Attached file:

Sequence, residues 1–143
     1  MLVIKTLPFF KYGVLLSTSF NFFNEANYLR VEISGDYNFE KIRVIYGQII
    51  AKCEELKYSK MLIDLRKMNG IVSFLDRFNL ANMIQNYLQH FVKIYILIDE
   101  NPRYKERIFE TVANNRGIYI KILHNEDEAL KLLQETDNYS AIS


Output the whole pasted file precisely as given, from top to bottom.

Sequence, residues 1–143
     1  MLVIKTLPFF KYGVLLSTSF NFFNEANYLR VEISGDYNFE KIRVIYGQII
    51  AKCEELKYSK MLIDLRKMNG IVSFLDRFNL ANMIQNYLQH FVKIYILIDE
   101  NPRYKERIFE TVANNRGIYI KILHNEDEAL KLLQETDNYS AIS